Coupon or discount codes your customers enter during the ecommerce checkout process can help your business monitor and measure marketing and advertising effectiveness and make better promotional decisions.
For a professional marketer, measuring a marketing campaign should be one of the first considerations with every new advertising or promotional plan. Without measurement, you won’t really know what worked and you cannot properly justify continued investment.
Without measurement you may find your business in John Wanamaker’s classic dilemma: “Half the money I spend on advertising is wasted; the trouble is I don’t know which half.”
One way to monitor (or at least benchmark) how well your marketing promotions are working is to use coupon or discount codes. Shoppers are familiar with coupons and entering online coupon codes. When you limit the distribution of a given coupon code to a specific promotion or marketing tactic you can measure that tactic.
Example Coupon Campaign
Imagine you own an online pet supply store that sells everything from leashes and puppy shampoo to 40-pounds bags of pet food and small packages of dog treats.
Your business is about to start a sale on dog treats, and your marketing team has decided to place banner ads on several websites, including dog training blogs, breeder sites, and pet travel sites.
For each site, your marketing team develops a specific coupon code that is logically connected to the banner ad content. A banner ad with the headline “Because you love to see her smile” might use the coupon code “MakeSmiles” on one website and “ForSmiles” on another.
In each case, when a shopper uses a coupon code, you will be able to identify the website where your customer found the coupon code.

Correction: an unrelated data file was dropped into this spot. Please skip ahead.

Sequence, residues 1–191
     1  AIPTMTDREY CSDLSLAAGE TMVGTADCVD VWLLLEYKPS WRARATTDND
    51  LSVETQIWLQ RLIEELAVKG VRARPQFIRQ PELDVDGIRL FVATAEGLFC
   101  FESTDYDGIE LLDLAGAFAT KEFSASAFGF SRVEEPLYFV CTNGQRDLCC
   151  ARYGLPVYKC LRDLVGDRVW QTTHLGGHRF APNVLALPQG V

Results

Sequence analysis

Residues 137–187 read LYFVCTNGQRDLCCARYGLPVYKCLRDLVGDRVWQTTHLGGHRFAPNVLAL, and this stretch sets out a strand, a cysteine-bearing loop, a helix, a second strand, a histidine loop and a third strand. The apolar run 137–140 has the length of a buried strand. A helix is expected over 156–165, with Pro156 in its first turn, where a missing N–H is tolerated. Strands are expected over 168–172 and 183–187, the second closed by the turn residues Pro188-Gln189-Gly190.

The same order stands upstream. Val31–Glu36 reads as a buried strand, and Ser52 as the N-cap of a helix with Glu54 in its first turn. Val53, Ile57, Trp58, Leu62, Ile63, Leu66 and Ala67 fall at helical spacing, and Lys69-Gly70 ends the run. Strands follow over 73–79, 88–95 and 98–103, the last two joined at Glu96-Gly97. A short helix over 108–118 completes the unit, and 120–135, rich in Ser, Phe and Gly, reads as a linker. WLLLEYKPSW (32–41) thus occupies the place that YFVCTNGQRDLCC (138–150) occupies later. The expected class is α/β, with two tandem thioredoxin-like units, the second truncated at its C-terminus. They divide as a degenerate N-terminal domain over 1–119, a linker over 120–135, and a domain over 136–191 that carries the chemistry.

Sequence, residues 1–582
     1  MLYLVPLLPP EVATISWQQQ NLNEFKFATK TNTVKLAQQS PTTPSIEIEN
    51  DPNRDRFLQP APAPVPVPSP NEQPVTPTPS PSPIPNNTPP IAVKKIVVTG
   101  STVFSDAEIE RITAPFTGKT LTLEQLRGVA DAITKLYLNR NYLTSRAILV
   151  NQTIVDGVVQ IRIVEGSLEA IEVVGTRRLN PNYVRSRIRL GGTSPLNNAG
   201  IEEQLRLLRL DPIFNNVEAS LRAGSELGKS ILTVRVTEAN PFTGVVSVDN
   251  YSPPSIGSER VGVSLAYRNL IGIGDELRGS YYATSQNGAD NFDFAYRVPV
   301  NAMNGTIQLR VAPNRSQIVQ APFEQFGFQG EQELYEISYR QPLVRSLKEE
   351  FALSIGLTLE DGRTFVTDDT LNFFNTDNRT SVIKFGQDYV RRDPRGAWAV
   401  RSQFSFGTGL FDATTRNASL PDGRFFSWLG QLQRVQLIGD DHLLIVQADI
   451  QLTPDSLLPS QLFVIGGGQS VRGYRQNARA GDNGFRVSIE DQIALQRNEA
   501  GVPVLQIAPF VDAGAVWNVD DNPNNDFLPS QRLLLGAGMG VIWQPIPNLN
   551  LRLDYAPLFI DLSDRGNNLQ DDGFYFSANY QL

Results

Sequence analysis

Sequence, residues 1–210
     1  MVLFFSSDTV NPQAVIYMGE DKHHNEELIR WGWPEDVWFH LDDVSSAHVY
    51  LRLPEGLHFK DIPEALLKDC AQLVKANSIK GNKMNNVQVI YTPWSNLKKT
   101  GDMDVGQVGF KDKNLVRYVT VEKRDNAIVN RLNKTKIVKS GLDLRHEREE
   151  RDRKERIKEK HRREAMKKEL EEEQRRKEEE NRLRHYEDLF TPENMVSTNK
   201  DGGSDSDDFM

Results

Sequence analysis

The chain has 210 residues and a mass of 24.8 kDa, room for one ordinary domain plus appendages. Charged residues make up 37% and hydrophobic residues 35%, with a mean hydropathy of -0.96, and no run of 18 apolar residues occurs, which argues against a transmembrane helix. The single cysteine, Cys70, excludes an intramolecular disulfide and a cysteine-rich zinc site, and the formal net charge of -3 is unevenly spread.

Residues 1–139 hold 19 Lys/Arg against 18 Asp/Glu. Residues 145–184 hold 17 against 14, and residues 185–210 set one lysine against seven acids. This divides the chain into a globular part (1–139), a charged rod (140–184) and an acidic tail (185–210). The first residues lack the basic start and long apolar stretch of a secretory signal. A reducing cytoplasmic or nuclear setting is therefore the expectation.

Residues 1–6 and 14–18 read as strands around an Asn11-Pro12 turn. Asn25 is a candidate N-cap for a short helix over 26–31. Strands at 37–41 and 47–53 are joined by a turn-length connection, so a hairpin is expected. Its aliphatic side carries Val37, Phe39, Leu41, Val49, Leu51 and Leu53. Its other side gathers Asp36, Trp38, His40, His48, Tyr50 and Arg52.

Return on Ad Spend
Your business could use this data — the number and dollar value of sales each banner ad sent your store — to determine each ad’s return on advertising spend.
ROAS describes the ratio of dollars invested in a particular advertising tactic to the revenue or profit that it produced. ROAS can be expressed as a percentage or a dollar amount — as in the number of dollars returned to your business for each dollar invested.
The ROAS from a group of banner ads like those in the dog treat example would tell your business how much money each ad brought back to your ecommerce business and would measure the bottom-line success of the campaign. With this in mind, ROAS works best if your goal is to generate immediate profit.
Coupon codes may also be used to create relative comparisons or baselines when your goal is not necessarily immediate profit from individual sales.
A brick-and-click retailer in the Northwest United States wanted to identify which of several print publications would work best for an upcoming campaign. For a period of several months, this retailer ran coupon offers in each publication. The coupon codes were specific to each publication and allowed the retailer’s marketing team to identify the publications that appeared to have a relevant audience.
Later this retailer ran an ad series (intended to develop customer loyalty) in those print publications that had generated the most responses. This relative measurement did not necessarily mean these publications had produced the best ROAS, but the most engagement.
This same retailer will also use coupon codes as a way to test email messages. The retailer’s digital marketing group will develop two or three versions of email copy and headlines. Each email message has a specific coupon code that can be measured whether the shopper clicks a link in the email message or not.
On a recent campaign in November 2017, the retailer generated 486 sales valued at more than $50,000 in three days. Coupon code tests (across multiple media outlets) leading up to the sale helped optimize the campaign.
Coupon codes are a good way to measure many forms of ecommerce marketing. They allow you to link a sale to a specific tactic, such as a banner ad, Pandora ad, television commercial, or even a print ad directly.
You will know with certainty if a particular tactic resulted in a specific sale or sales.
This sort of measurement, again, works best when your goal is to drive immediate sales, compare relative engagement for several ad vehicles, or conduct certain types of A/B marketing tests.
As you develop your company’s ecommerce marketing campaigns, build in ways to measure them. Collect performance information that will help you optimize the campaigns and make relatively better marketing choices.